So I spent the last month (*) extracting the tools, parts, and stock I use on a regular basis, filling 20-ish boxes with stuff I wanted to keep:
After I moved all those boxes out of the way, three very industrious guys (and two teens who gradually got into the spirit of the thing) from MakerSmiths devoted all of a Saturday and a bit of Sunday morning converting an entire basement like that into this:
The stuff filled about 3/4 of the floor space in a pair of 26 foot box trucks:
Each truck had a snug 10,000 pound load limit and the stuff didn’t stack well:
The strap under the pile of metal, plus some plywood stiffeners, prevented it from running amok during transit. As long as they didn’t flip the truck, everything seemed well packed and cross-braced.
Only a few minor injuries; all’s well that ends well.
Alas, most of the spatial memory that let me find a tool or a part is now wrong; it’ll take a while to re-learn the new locations.
By my count, four NYSDOT repair crews, one sent specifically to repair this sinkhole, managed to not patch it during the last nine months:
Good news comes to those who wait:
It didn’t involve waiting: by random chance, a fifth NYSDOT road repair crew happened to be in that area when Mary rode by. She stopped directly atop the sinkhole and screamed at the flagger until he came over. She explained the problem and, wonder of wonders, this time they put asphalt in the right spot.
The patch looks hand-tamped and will pop out after a while, but it’ll be great while it lasts.
Back in high school, I designed and built a slide rule exposure calculator to improve my macro photographs:
The base consists of three layers of thin cardboard glued together with Elmer’s Glue. The three slides have three layers of thinner white cardboard glued together, with offsets forming tongue-and-groove interlocks, topped with yellow paper for that true slide rule look:
Judging from the seams, I covered the hand-drawn scales with “invisible” matte-surface Scotch Tape. Worked well, if you ask me, and still looks pretty good:
The reverse side carries instructions under a layer of packing tape (which hasn’t survived the test of time nearly as well), for anyone needing help:
A closer look at the instructions:
The slides still move, albeit stiffly, and it might be usable.
I vaguely recall extension tubes on an early SLR, but memory fades after that. Getting the exposure settings close to the right value evidently posed something of a challenge and, given the cost of 35 mm film + development, it made sense to be careful.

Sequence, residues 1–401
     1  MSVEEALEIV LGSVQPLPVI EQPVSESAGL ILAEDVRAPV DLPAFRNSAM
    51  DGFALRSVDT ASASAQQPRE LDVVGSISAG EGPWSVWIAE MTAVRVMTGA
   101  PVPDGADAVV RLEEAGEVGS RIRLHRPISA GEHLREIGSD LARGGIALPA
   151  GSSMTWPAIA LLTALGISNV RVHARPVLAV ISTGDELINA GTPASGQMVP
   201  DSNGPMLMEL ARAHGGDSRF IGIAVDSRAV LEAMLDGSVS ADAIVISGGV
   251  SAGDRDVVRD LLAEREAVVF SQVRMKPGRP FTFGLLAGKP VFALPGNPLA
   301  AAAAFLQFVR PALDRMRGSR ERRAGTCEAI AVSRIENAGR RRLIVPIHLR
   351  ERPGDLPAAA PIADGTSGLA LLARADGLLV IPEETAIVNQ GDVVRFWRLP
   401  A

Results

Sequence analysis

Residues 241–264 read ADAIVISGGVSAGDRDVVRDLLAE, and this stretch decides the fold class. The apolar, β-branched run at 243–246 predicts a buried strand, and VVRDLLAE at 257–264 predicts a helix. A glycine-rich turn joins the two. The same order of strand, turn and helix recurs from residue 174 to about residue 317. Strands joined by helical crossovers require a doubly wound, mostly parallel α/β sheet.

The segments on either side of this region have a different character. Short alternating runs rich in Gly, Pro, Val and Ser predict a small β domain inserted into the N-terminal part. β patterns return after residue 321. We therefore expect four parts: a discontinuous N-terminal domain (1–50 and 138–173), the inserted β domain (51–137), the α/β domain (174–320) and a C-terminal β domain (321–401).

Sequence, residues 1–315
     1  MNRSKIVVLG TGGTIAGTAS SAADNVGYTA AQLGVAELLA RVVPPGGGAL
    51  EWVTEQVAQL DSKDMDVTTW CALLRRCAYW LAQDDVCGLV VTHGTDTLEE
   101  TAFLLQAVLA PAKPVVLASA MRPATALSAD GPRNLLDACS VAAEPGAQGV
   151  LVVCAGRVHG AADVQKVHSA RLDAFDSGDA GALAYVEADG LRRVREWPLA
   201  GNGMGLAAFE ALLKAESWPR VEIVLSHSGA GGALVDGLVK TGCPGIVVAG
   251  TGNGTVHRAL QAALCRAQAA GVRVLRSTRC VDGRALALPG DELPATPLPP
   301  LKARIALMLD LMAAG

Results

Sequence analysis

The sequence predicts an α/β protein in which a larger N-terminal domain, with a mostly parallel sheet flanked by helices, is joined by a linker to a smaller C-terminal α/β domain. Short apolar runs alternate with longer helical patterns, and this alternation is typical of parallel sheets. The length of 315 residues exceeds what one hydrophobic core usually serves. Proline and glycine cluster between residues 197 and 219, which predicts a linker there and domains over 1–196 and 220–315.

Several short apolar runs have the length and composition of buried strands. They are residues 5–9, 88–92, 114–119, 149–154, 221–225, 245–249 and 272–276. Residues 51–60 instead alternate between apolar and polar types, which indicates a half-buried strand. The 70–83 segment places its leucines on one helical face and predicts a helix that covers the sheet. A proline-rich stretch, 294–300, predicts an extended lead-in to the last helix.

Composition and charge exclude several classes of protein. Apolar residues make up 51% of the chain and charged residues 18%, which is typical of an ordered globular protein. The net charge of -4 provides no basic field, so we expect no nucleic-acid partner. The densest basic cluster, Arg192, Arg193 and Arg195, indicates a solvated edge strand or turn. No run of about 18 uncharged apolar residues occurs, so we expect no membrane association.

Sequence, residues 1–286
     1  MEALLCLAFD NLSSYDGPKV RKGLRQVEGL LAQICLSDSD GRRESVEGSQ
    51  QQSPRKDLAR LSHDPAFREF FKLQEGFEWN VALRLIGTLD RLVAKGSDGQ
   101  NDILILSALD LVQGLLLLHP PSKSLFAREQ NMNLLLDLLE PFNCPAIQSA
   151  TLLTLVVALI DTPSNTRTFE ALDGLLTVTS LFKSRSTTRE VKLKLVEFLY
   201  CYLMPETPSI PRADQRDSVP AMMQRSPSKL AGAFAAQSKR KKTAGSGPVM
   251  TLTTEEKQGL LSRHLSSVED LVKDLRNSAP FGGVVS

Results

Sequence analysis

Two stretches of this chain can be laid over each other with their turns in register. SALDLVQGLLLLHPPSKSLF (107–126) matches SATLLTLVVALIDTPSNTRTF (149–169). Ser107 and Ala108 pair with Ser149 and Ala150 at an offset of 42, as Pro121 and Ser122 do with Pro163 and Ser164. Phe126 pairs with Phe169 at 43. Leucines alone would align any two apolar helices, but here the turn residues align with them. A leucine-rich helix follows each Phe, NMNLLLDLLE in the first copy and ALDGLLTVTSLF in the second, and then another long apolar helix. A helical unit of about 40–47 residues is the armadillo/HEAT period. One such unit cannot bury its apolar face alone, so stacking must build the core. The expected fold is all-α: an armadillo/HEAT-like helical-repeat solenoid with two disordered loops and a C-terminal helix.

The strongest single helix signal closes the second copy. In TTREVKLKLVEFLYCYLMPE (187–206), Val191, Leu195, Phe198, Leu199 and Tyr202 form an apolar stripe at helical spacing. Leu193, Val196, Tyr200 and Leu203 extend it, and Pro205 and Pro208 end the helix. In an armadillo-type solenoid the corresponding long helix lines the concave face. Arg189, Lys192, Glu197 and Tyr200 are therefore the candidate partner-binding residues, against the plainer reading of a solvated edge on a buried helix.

Fortunately, even today’s low-end cameras make macro photography, at least for my simple needs, easy enough, with the camera handling the exposure calculations all by itself:
Mad Phil gave me his Brother PT-1090 labeler, which I’ve been using rather often of late. The white tape cartridge (the TZ flavor) ran out, giving me the opportunity to pry it apart:
Surprisingly, a few small pins molded into the cover, plus a few obvious latches, hold it together without a trace of glue or thermal welding.
A detail of the little factory that assembles the label from several parts:
Colored paper tape unwinds from the lower right and the top plastic layer from the lower left. Tape with thermal dye unspools from the upper left, the printhead (in the printer) heat-transfers pixels to the plastic tape in the opening right of center along the top, and the roller at the top right joins the just-printed plastic layer to the slightly sticky front surface of the paper tape. The used imaging tape respools in the gray cylinder near the middle.
I thought the thermal dye was part of the transparent tape cover layer, but in retrospect that doesn’t make sense: the printed tape would turn black in hot environments like, say, your car. So the printer must transfer the dye from a separate tape.
The knockoff “ESD” tape cartridges from Amazon seem to have a slightly different tape path, probably to work around Brother’s patents. I’ll pry one of those apart in due course.
For obscure reasons, the Silly Season brought Sanders, Trump, and Clinton fille to the City of Poughkeepsie within the span of eight days. We know enough to stay far away from such events, but one of the contestants came to us!
A siren heralded flashing lights off to the left, coming up the hill from the bridge over the Mighty Wappingers Creek:
The police car jammed to a stop in the middle of the Red Oaks Mill intersection, directly in front of the cars (and bikes) that had just begun moving after the light turned green:
During the next minute, the officer managed to clear most of the traffic from the left-turn storage lanes perpendicular to us, after which two motorcycle officers led the procession:
Two ordinary SUVs with flashing light bars followed:
Two stretched SUVs with side window and marker flashers:
One blatantly inconspicuous black sedan running dark:
Two black patrol cars and a white patrol car, all with flashing lights:
The officer jumped into his car and rejoined the procession at the end:
According to my back-of-the-envelope, the motorcade moved through the intersection at a steady 20 mph.
Given where all the folks who merit such an escort were supposed to be at the time, I don’t know why they brought The Personage through the Red Oaks Mill intersection in that direction; the City of Poughkeepsie is to our rear, due north of Red Oaks Mill. Perhaps they’re following a randomly chosen route to confuse the unprepared, even though it’s longer and requires more traffic control?
Rumors from a Reliable Source indicate that not all trains travel on steel rails.
I suppose you eventually get used to having a couple of quiet people standing in every room with you.
One benefit of the inevitable news coverage: a few more people now know how to pronounce “Poughkeepsie”.